PAC regroups from factional divisions, targets rural vote

The PAC, which has emerged from a protracted period of internal turmoil, is focused on winning the minds and hearts of rural communities in Wednesday’s general elections.

Party president Mzwanele Nyhontso said though the party was targeting the rural vote, this did not mean it had abandoned the urban constituency.

“We are making entries in those communities. We are winning over the underclass who are unemployed, under-skilled, marginalised, and living in hellholes in the urban areas,” Nyhontso said.


Not funded by big funders

“We are not on huge billboards because we cannot afford to compete at that level with Oppenheimer-funded newcomers in politics.” 

The IEC recently revealed that R437-million of political party funding was declared to the electoral body.

The DA received 42% of the money donated by the Oppenheimer family and tycoon Moshal. Herman Mashaba-led ActionSA received 41% and Mmusi Maimane’s Build One SA received 7%. The new kid on the block Rise Mzansi received a R15-million donation from the Oppenheimers. The PAC is not among the big money recipients.

Nyhontso cautioned, though, that the PAC had something in store despite constraints in financial resources. He added that “our work in focusing on the rural vote is paying dividends”.

“We have been working extremely hard to expunge from our midst a party of misfortunes and internal power struggles. [It has been replaced] with a party that is confident of serving with distinction the African child wherever they may be,” he said.

Regrouped after divisive internal squabbles

In this context, the PAC leader was referring to previous years’ squabbles and breakaways that were tearing the party apart. This caused factional divisions, which largely impeded progress and growth.


“This is a thing of the past. We are an Africanist party with a single vision and mission. [That] of being a servant of the people,” Nyhontso said.

Asked how he was reading the political mood as election day approaches. Also how he thought his party would perform. Given the fact that in previous elections the organisation failed to gain traction in terms of electoral support. The PAC president said: “We are confident; we are contesting for real political power in the May 29 elections.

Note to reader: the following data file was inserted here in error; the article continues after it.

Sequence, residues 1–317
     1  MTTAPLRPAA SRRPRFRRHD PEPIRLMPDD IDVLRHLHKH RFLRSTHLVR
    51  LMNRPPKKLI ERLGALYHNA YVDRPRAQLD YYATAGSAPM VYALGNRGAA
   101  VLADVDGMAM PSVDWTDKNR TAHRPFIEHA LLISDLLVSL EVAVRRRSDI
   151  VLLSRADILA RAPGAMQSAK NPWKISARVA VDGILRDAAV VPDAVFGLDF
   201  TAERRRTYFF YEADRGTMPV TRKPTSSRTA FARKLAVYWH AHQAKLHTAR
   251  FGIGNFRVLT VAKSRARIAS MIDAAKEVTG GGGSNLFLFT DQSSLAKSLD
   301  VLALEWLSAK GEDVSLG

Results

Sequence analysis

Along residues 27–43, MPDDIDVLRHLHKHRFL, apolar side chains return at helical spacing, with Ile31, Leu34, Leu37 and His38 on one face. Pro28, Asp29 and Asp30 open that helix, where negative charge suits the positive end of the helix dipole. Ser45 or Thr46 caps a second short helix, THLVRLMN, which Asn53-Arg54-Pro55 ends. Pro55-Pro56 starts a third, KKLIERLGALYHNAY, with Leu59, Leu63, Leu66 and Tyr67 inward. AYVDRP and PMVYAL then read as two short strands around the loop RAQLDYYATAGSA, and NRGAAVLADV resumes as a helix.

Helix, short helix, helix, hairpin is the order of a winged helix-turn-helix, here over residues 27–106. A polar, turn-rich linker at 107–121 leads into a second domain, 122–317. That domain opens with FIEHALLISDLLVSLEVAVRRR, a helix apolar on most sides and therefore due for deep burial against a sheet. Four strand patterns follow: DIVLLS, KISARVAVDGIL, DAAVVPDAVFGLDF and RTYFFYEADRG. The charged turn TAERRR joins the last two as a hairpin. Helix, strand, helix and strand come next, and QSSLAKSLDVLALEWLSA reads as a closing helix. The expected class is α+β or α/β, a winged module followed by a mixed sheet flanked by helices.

“We have been on the ground for protracted periods. And the feedback from our constituencies is positive and encouraging. We are building on this and are making good progress. And the result at the ballot box will show.

Aims to be a visible footprint in the political landscape

“We want to empower our people to be self-sufficient. Winning as many seats as possible in parliament and in legislatures will give us visible footprint in the political landscape. And this will be in our endeavours. To give our people hope in terms of representing their aspirations.

“We are committed to helping the Africans to acquire skills and knowledge in all facets of life. To encourage them to strive to perform with excellence at every endeavour of work they engage in. We must restore the dignity of the people.”

Youth leader

Nyhontso’s words are corroborated by his young protégé – a youthful leader by the name of Zaza Simthandile Tyali. The youth leader pledged that the PAC is on the ascendancy. She said it is “being renewed into a vibrant political party ready to embrace new challenges. To also challenge for power more aggressively.  

“While holding onto the values and prescripts of the founders … it is a new energised PAC the voters will see. I am proudly feminist, and we hope to bring that element to the PAC. As we embark on a project of bringing young people to the Africanist fold,” Tyali said.

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